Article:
Yes, those props are heavily loaded; it's obvious when checking cavitation criteria as well. So reducing diameter is NOT an option. Let's see some pics and/or drawings of the bottom and tunnels. And get rid of all the unnecessary stuff onboard, or lengthen the bottom.

    Problems with propeller pockets/tunnels pop up rather frequently here, particularly when applied to short, heavy hulls. It seems to me that the designers have got the inflow Picture wrong in most cases. At hump speed, where the propeller loading often is the highest, the propeller disc acts as a fluid sink, and the streamlines approach the disc in a strong Three-dimensional flow.

    I attached a simulation picture from a case with slightly higher propeller loading (roughly 150 hp at a hump speed of 11 knots and a prop dia 16"). Here you can see that the inflow streamlines close to the hull surface are traversing the tunnel/bottom edge at high angles. This leads to strong disturbance in terms of whirling losses and loss of static pressure. This type of propeller tunnel is a disaster for the propeller performance, yet you find them all over.

    The pic is just for illustration of the phenomenon; I used a very coarse mesh that is too rough to show details close to the hull surface. The lower pic is truncated at the fwd limit of the tunnel and shows two diametral streamlines sweeping into the propeller disc from the sides. This is where there should be a generous radius between bottom and tunnel!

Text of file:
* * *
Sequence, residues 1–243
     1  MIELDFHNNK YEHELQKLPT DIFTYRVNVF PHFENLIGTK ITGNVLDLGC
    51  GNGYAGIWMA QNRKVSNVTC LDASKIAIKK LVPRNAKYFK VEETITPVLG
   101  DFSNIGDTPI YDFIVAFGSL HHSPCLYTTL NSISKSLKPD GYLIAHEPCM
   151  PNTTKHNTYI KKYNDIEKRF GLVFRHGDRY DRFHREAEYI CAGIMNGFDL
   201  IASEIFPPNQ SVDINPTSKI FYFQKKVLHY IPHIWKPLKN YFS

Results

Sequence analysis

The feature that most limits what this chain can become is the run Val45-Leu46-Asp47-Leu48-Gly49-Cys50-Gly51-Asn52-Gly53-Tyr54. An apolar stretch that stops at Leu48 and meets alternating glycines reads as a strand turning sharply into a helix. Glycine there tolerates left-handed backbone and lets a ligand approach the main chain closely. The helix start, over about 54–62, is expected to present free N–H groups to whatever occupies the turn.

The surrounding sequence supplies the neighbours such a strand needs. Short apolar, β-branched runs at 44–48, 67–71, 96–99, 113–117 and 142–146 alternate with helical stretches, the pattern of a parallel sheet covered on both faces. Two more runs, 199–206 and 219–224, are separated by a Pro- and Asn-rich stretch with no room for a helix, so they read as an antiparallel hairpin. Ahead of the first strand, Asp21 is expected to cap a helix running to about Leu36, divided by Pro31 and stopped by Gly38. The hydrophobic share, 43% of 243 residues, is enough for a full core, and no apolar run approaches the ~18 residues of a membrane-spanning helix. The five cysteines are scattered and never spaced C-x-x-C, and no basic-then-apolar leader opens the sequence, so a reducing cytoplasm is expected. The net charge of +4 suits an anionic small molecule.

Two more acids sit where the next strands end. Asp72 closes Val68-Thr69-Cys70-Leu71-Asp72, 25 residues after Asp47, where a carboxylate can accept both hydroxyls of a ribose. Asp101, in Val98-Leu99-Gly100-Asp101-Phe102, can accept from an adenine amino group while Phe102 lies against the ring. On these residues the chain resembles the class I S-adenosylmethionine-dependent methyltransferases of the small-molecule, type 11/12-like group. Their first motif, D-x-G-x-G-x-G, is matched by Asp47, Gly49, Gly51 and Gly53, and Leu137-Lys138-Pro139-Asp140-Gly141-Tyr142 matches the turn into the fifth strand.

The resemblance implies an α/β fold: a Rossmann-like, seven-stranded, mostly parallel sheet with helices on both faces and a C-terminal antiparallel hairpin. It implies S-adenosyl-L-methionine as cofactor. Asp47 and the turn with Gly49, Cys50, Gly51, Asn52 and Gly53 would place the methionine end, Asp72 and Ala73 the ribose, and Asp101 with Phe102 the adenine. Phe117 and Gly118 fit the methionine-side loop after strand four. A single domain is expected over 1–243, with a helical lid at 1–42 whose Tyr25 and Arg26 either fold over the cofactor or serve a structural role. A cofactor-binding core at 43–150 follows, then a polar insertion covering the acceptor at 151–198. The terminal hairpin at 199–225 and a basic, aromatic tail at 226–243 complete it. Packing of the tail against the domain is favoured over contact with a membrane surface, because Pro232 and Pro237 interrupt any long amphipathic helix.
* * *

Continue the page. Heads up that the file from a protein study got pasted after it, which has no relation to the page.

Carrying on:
Attached Files:

    Last edited: Nov 30, 2016

  10. captdon65
    Joined: Nov 2016
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    Location: Florida

    captdon65 New Member

    Thank you all for your contributions.

    When the boat was sea trialed it was stripped clean of everything but USCG required safety equipment, myself, mechanic, handheld GPS and a cup of coffee. So she was as light as she will ever get.

    The RPMs and other data are dead on measured.

    I did forget beam, but everybody does seem to have figured it out...pudgy little hull. BEAM 10'10"

    I do not have any pictures of the hull below the waterline.

    We are looking at relocating batteries as far forward as possible.

    I did find a set of CY5 propellers 18" Dia x 26" pitch 5 blade the EAR is .826 a bit better than the the current 4 blades with estimated EAR of low .700 ish

    This is what Im thinking about the CY5 props

    - Almost doubles tip clearance
    - More blade area and better loading
    - Better waterflow through tunnel (I know slight)
    - Less pitch allows engines to spin up quicker
    - Not really worried about WOT speed just improving mid-range and cruise
    - Once boat is loaded with owners stuff will require less pitch due to increased weight.
    - Prop shop can play with pitch and cup to dial in prop

    Again thanks for the input...